The cubic pylons of Teatralnaya are faced with slightly yellowish grainy marble. The pylon edges are decorated with round broken-rib columns. Lamp-brackets with two white spherical shades are between the columns. Benches are placed at the bases of the pylons.

The vault of the very short central hall is decorated with rhomb-like coffers, while the vaults of the track tunnels are with square coffers. There are round porcelain medallions alone the base of the main vault – ‘Folk Music and Dance’ manufactured at the Leningrad Porcelain Factory by painter

Danko’s cartoons. The transit to station Okhotny Ryad begins with a bridge in the central part of hall, which ends by a small hall from which a long running-up passageway starts (built in 1945-1946). The left and right walls of the small hall have medallions with Chaikovsky’s profiles. The pediments of the bridge are adorned with bas-reliefs of pair ballet jump and ballet support. The northern exit ends in the underground entrance hall common with station Okhotny Ryad. There is a portrait of K. Marx on the wall made of red and white marble as Florentine mosaic.

Text from Moscow Metro 1935-2005, p68/9


Tverskoy District, Central Administrative Okrug





33.9 metres (111ft)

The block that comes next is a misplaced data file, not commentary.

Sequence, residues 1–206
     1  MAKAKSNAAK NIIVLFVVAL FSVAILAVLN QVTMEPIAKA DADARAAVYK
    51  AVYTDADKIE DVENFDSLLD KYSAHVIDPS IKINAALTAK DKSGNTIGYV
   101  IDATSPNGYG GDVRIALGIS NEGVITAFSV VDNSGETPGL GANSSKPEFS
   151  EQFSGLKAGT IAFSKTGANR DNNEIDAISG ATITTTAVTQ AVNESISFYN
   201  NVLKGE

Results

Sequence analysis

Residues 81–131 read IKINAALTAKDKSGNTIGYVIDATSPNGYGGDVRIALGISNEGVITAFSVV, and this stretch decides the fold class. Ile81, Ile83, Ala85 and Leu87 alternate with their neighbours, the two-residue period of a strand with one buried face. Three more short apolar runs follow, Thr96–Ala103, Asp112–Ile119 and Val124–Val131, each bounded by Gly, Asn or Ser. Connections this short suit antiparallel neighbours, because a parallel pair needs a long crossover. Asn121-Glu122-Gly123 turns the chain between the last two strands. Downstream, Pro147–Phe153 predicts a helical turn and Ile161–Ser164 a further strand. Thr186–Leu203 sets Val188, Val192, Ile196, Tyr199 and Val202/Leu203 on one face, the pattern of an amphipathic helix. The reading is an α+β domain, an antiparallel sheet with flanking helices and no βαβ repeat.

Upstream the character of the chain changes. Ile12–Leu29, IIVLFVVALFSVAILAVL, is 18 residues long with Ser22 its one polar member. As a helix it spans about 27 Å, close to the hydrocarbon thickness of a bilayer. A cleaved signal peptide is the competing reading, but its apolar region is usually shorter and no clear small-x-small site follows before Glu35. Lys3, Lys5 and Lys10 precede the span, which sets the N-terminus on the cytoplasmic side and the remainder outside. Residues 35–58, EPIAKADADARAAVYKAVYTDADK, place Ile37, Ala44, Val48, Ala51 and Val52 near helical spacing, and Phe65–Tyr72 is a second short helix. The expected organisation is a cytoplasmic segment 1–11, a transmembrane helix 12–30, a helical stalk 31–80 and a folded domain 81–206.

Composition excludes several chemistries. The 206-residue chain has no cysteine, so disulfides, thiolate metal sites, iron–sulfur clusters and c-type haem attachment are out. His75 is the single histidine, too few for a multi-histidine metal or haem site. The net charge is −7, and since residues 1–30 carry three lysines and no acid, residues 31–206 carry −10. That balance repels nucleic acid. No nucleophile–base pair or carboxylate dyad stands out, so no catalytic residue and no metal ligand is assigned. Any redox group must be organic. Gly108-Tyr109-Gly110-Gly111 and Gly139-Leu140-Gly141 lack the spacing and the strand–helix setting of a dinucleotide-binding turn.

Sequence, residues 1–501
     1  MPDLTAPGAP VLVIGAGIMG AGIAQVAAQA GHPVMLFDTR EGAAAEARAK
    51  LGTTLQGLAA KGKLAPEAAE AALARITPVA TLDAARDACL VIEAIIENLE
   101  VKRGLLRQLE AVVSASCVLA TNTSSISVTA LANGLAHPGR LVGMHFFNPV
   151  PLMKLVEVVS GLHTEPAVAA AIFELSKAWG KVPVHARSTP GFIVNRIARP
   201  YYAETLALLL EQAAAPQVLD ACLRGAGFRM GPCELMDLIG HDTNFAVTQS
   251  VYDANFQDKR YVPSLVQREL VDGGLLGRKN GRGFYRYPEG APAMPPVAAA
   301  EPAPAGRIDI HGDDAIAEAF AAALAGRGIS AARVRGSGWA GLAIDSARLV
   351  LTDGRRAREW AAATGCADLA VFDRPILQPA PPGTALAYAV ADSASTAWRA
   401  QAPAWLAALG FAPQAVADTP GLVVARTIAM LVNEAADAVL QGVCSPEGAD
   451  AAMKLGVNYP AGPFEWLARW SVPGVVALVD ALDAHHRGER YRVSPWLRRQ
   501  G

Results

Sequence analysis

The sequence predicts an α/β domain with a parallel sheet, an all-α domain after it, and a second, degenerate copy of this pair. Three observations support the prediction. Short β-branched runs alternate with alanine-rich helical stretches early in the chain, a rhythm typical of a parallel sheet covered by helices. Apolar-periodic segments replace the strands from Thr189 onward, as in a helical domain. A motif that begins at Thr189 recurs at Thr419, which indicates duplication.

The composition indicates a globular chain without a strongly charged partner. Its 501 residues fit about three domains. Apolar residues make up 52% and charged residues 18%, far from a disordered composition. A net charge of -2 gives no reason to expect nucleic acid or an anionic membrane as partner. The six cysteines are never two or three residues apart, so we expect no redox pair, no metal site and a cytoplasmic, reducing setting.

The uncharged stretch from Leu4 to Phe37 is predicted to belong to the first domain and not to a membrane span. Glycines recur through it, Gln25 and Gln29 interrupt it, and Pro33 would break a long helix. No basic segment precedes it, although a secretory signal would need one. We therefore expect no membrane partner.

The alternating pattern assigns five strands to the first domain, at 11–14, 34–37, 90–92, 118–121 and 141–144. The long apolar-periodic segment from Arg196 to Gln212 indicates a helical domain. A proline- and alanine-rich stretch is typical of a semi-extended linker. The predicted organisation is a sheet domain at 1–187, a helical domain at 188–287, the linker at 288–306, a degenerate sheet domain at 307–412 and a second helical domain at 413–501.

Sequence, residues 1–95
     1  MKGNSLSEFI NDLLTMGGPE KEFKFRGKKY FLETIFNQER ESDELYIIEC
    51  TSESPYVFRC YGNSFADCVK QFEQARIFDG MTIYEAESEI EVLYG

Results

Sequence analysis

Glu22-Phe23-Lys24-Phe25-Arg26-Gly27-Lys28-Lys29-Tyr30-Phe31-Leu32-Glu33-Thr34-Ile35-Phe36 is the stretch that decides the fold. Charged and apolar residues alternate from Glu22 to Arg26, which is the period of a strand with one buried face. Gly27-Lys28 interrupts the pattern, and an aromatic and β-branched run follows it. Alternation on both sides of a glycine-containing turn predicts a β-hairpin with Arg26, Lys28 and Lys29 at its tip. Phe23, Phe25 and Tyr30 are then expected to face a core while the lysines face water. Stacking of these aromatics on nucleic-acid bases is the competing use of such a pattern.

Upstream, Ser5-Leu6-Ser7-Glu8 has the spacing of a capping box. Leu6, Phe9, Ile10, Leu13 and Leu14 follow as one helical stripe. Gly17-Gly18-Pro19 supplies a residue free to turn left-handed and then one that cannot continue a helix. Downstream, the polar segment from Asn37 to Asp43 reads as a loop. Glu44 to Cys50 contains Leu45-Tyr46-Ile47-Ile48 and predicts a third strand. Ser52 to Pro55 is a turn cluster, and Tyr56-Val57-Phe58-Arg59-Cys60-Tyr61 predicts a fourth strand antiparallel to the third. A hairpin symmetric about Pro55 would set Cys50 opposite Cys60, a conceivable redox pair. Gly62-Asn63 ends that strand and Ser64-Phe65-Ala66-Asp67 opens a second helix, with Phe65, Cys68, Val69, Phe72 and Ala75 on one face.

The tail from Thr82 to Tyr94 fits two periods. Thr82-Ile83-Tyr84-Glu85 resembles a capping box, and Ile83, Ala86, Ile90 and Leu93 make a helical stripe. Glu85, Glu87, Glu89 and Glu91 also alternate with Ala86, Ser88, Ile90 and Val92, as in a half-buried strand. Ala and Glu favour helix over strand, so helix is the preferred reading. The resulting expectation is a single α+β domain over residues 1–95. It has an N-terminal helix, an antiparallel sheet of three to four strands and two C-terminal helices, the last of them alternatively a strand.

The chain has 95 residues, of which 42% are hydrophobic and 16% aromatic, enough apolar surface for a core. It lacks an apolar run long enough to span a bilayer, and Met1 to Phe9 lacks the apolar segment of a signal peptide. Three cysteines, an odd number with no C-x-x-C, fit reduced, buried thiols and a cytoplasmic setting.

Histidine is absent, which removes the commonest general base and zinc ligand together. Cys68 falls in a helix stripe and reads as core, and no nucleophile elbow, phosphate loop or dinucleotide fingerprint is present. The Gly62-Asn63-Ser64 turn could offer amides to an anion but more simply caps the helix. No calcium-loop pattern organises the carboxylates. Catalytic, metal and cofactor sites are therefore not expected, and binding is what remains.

11 September 1938

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Moscow Metro – Kievskaya – Line 5

Kievskaya - Koltsevaya - by Ludvig14

Kievskaya – Koltsevaya – by Ludvig14

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Moscow Metro – a Socialist Realist Art Gallery

Moscow Metro – Kievskaya – Line 5

Kievskaya - Line 5 - 43

Kievskaya – Line 5 – 43

Kiyevskaya (Ки́евская) is a Moscow Metro station in the Dorogomilovo District, Western Administrative Okrug, Moscow. It is on the Koltsevaya Line, between Park Kultury and Krasnopresnenskaya stations. It is named after the nearby Kiyevsky Rail Terminal. The design for the station was chosen in an open competition held in Ukraine; the entry submitted by the team of E. I. Katonin, V. K. Skugarev, and G. E. Golubev placed first among 73 others and it became the final design. Kievskaya features low, square pylons faced with white marble and surmounted by large mosaics by A.V. Myzin celebrating Russo-Ukrainian unity. Both the mosaics and the arches between the pylons are edged with elaborate gold-coloured trim. At the end of the platform is a portrait of Vladimir Lenin.

Kievskaya - Line 5 - 17

Kievskaya – Line 5 – 17

The entrance to the station, which is shared with both of the other two Kievskaya stations, is built into the Kiev railway station. With the completion of the segment of track between Belorusskaya and Park Kultury in 1954 the Koltsevaya Line became fully operational with trains running continuously around the loop for the first time.

Kievskaya - Line 5 - 16

Kievskaya – Line 5 – 16

One of the station’s entrances is topped by a reproduction of an Art Nouveau Paris Metro entrance by Hector Guimard, given by the Régie autonome des transports parisiens in 2006 in exchange for an artwork by Russian artist Ivan Lubennikov installed at Madeleine station in Paris.

Kievskaya - Line 5 - 04

Kievskaya – Line 5 – 04

Text from Wikipedia.






53 metres (174 ft)


14 March 1954

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Moscow Metro – a Socialist Realist Art Gallery